Ongoing trials

Table 2 lists the 26 trials that were identified in ClinicalTrials.gov as ongoing, with 14 in phase I, 2 in phase I/II, and 10 in phase II. No phase III trials are in progress currently. Nine trials are active but have completed accrual; two others either have been suspended or terminated but were included in this table because final results have not been published in manuscript format. Preliminary results presented as abstracts appear in the last column of Table 2 and are summarized below.

Monotherapy trials of olaparib, veliparib, iniparib, MK4827, and AG014699 are included, of which only the veliparib study continues to enroll patients. Preliminary results from a phase I study of MK4827 show that 10 of 12 partial responses seen were in EOC patients, with a mix of BRCA-deficient (7) and sporadic (3) cases.[12] In addition, four of eight patients with stable disease had EOC, evenly split between BRCA-deficient and sporadic tumors. Another monotherapy trial of AG014699 in a phase II setting included women with BRCA-deficient EOC and/or breast cancer.[13] Of 41 patients enrolled, 24 had EOC. The overall response rate for the entire cohort was quite low at 5%, but stable disease contributed to a clinical benefit rate of 32%.

Finally, two randomized phase II trials incorporating olaparib monotherapy have been reported. In the first, women with recurrent, BRCA-deficient EOC were randomized between olaparib at 200 mg twice daily, olaparib at 400 mg twice daily, and pegylated liposomal doxorubicin (PLD).[14] Initial results show median progression-free survival times of 6.5 months, 8.8 months, and 7.1 months, respectively, for the three treatment groups. The highest rate of confirmed response was in the high-dose olaparib group (31%). In the second randomized phase II trial, olaparib at 400 mg twice daily was compared with placebo in a cohort of women with recurrent, platinum-sensitive, serous EOC as maintenance therapy after partial or complete response to platinum therapy.[15] Preliminary findings include an improvement in progression-free survival from 4.8 to 8.4 months, which was statistically significant. The data were not mature enough to allow an analysis of overall survival.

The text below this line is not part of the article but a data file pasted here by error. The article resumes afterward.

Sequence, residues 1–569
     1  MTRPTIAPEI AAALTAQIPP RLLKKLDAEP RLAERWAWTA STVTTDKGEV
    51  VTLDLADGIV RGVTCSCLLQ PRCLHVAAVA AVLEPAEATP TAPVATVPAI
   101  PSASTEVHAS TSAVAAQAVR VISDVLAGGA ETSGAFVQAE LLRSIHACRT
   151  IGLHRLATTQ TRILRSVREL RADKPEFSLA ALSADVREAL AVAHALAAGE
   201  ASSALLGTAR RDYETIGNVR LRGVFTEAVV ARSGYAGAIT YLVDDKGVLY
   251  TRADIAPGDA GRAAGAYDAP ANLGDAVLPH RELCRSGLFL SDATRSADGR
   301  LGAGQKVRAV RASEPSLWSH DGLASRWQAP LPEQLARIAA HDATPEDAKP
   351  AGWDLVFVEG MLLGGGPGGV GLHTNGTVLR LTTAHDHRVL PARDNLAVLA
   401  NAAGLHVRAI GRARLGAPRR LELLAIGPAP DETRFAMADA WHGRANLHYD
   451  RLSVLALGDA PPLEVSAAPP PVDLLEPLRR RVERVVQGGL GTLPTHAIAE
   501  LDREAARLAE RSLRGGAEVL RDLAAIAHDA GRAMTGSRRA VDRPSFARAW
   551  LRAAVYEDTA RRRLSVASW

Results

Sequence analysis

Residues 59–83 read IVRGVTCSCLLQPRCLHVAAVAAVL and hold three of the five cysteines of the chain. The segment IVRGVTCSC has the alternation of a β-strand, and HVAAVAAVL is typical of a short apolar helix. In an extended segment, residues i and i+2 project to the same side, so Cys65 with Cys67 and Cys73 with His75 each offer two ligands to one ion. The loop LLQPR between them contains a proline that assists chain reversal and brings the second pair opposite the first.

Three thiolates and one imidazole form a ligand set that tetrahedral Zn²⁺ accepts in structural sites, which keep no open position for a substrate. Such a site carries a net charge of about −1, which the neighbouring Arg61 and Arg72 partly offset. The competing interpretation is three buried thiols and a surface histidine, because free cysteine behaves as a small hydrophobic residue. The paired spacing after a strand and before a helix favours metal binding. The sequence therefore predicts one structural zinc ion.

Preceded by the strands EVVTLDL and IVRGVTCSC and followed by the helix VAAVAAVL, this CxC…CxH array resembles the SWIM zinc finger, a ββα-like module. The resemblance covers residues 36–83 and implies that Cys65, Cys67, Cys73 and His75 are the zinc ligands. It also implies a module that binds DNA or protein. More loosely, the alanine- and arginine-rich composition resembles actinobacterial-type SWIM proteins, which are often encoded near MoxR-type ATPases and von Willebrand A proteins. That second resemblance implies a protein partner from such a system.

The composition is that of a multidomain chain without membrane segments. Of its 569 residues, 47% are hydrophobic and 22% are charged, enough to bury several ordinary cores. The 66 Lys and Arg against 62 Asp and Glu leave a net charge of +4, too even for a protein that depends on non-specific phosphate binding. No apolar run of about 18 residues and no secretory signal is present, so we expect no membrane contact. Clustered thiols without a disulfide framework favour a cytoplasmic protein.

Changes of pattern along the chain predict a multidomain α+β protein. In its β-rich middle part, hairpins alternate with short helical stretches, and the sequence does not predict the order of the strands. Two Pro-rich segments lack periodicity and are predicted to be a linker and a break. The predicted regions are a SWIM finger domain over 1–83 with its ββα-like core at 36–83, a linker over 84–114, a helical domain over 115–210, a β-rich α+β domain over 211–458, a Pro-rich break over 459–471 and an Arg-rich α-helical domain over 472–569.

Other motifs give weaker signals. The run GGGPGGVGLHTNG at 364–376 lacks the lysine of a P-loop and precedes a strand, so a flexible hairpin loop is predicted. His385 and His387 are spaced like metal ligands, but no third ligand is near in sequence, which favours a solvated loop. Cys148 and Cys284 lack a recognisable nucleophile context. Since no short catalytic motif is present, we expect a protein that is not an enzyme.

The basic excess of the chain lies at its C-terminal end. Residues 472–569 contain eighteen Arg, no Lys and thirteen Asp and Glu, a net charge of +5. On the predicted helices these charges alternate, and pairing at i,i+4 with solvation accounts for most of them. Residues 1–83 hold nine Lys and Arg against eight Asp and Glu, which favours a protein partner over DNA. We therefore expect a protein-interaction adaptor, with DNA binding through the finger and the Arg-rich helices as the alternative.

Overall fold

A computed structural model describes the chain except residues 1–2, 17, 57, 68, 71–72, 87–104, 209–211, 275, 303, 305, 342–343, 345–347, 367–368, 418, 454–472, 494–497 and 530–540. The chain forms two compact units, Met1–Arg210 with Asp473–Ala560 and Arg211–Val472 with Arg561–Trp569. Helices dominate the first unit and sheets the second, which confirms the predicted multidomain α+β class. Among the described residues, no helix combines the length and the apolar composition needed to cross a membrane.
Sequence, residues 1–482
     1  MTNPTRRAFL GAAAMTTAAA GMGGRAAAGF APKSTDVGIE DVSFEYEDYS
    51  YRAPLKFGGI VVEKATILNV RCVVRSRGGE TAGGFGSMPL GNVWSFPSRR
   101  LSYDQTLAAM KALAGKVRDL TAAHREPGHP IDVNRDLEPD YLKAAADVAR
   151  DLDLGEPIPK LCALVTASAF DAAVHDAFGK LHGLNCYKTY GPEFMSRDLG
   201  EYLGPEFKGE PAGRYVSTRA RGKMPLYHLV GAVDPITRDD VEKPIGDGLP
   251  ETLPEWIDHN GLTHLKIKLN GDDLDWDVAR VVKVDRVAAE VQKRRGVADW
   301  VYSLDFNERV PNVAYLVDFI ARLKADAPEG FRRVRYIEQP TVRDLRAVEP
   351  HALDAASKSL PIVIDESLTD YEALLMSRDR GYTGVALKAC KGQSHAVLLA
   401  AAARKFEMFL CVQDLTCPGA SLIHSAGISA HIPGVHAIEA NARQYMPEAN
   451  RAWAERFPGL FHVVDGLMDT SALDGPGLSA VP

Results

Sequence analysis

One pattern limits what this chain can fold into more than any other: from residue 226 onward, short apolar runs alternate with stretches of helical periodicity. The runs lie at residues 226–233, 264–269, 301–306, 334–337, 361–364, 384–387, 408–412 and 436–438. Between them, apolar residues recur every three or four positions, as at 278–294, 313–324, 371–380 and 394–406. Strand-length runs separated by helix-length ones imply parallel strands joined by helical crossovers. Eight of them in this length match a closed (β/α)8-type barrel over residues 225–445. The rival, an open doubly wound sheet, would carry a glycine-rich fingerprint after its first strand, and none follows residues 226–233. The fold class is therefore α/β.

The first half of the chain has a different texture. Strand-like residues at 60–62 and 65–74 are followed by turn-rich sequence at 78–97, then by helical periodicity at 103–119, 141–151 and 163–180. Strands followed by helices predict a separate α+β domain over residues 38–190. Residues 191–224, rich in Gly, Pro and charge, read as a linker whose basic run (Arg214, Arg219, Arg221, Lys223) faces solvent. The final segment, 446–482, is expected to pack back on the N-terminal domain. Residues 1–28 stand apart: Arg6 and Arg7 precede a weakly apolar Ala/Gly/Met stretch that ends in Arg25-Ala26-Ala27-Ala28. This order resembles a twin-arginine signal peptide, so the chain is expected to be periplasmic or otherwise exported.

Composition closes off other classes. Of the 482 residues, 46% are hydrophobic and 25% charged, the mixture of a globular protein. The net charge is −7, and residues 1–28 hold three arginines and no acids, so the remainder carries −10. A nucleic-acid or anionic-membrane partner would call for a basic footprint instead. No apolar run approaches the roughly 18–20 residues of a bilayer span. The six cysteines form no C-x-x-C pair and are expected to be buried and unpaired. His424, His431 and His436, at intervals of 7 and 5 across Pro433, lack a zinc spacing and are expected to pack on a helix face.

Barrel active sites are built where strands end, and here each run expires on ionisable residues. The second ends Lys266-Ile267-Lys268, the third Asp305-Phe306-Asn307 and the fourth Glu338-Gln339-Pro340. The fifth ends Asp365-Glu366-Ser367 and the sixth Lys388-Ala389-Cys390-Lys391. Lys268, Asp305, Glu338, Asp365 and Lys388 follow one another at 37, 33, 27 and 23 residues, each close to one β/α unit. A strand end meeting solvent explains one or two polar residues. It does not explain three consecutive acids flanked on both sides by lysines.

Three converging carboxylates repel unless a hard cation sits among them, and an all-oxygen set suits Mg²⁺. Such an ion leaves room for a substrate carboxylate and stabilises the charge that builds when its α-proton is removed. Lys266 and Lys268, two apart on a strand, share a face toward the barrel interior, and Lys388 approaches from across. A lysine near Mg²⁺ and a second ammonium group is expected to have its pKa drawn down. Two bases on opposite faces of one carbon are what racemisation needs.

It is evident from the remaining trials listed that combinations of a PARP inhibitor with traditional chemotherapy and/or other targeted agents are of interest. Chemotherapy agents under study in combination with various PARP inhibitors include carboplatin, paclitaxel, irinotecan, carboplatin/pac-litaxel, carboplatin/gemcitabine, PLD, and topotecan. The fundamental question of drug sequence is being investigated in a phase I study of olaparib and carboplatin.[16] Preclinical evidence suggests that administering olaparib before carboplatin diminishes DNA damage, possibly because PARP inhibition preceding cytotoxic chemotherapy enhances alternative DNA repair pathways and recovery from chemotherapy.[17] Preliminary results from another phase I study of olaparib and carboplatin with maintenance olaparib until progression include a recommended phase II dose of olaparib 400 mg twice daily and carboplatin AUC5, as well as an impressive 83% clinical benefit rate in patients with recurrent EOC.[18]